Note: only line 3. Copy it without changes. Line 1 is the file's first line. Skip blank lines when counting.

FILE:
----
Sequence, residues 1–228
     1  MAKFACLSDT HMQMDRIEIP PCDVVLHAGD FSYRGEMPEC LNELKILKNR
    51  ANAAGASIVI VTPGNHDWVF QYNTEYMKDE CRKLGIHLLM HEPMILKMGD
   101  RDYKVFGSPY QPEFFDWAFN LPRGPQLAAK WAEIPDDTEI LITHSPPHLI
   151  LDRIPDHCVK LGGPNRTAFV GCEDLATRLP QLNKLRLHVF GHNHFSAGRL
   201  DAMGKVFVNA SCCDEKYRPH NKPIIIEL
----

    51  ANAAGASIVI VTPGNHDWVF QYNTEYMKDE CRKLGIHLLM HEPMILKMGD